28. Masferrer JL, Leahy KM, Koki AT, Zweifel BS, Settle SL, Woerner BM et al. Antiangiogenic and antitumor activities of cyclooxygenase-2 inhibitors. Cancer Res 2000; 60: 1306–1311.

    CAS  Google Scholar 

  29. Steinbach G, Lynch PM, Phillips RK, Wallace MH, Hawk E, Gordon GB et al. The effect of celecoxib, a cyclooxygenase-2 inhibitor, in familial adenomatous polyposis. N Engl J Med 2000; 342: 1946–1952.

    CAS  Google Scholar 

  30. Groen HJ, Sietsma H, Vincent A, Hochstenbag MM, van Putten JW, van den Berg A et al. Randomized, placebo-controlled phase III study of docetaxel plus carboplatin with celecoxib and cyclooxygenase-2 expression as a biomarker for patients with advanced non-small-cell lung cancer: the NVALT-4 study. J Clin Oncol 2011; 29: 4320–4326.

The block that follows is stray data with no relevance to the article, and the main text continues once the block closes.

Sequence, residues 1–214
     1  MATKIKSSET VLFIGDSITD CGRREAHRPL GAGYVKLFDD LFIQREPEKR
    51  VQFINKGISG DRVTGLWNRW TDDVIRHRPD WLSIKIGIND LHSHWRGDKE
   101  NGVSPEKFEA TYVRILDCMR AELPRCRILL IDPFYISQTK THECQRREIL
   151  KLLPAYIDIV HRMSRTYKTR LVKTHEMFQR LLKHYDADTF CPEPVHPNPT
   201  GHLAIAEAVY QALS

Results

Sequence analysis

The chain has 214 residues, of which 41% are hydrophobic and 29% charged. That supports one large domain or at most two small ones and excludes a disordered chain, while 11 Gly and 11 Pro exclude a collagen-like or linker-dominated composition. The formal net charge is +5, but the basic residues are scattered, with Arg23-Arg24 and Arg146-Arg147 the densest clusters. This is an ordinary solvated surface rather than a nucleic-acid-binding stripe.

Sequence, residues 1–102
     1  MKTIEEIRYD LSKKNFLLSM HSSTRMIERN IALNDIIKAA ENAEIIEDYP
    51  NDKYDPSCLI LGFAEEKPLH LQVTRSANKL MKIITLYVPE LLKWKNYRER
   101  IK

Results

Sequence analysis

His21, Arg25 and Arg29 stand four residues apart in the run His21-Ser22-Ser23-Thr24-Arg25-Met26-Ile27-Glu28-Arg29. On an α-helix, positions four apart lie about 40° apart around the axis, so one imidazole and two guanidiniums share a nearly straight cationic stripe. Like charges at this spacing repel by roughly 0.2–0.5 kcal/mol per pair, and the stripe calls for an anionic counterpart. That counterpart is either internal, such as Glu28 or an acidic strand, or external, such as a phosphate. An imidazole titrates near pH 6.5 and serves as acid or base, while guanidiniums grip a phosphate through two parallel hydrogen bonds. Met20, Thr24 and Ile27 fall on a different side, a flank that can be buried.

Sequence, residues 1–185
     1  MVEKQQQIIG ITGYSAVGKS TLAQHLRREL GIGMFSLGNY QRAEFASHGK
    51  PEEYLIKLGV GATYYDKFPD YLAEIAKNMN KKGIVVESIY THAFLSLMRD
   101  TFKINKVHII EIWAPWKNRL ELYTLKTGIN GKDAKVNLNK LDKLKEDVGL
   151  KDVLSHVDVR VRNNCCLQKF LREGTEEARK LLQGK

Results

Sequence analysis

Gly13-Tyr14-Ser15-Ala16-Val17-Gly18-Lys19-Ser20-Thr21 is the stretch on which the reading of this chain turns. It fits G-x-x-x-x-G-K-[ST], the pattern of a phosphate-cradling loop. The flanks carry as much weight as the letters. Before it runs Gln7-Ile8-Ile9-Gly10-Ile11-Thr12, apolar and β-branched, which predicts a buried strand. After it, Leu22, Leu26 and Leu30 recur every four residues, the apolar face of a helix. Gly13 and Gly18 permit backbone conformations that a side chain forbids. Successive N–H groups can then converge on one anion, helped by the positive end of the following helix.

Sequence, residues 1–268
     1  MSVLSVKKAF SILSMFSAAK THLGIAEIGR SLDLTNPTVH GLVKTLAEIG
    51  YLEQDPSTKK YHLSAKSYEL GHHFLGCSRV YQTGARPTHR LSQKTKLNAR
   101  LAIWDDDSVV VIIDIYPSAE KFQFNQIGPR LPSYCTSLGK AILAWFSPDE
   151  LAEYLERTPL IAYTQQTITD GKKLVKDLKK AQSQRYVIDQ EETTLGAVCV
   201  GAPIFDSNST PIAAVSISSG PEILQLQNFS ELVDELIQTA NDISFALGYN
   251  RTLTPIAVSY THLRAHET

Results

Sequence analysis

CAS  Google Scholar 

  31. Hoang B, Zhu L, Shi Y, Frost P, Yan H, Sharma S et al. Oncogenic RAS mutations in myeloma cells selectively induce cox-2 expression, which participates in enhanced adhesion to fibronectin and chemoresistance. Blood 2006; 107: 4484–4490.

    CAS  Google Scholar 

  32. Prince HM, Mileshkin L, Roberts A, Ganju V, Underhill C, Catalano J et al. A multicenter phase II trial of thalidomide and celecoxib for patients with relapsed and refractory multiple myeloma. Clin Cancer Res 2005; 11: 5504–5514.

    CAS  Google Scholar 

  33. Dredge K, Marriott JB, Todryk SM, Muller GW, Chen R, Stirling DI et al. Protective antitumor immunity induced by a costimulatory thalidomide analog in conjunction with whole tumor cell vaccination is mediated by increased Th1-type immunity. J Immunol 2002; 168: 4914–4919.

    CAS  Google Scholar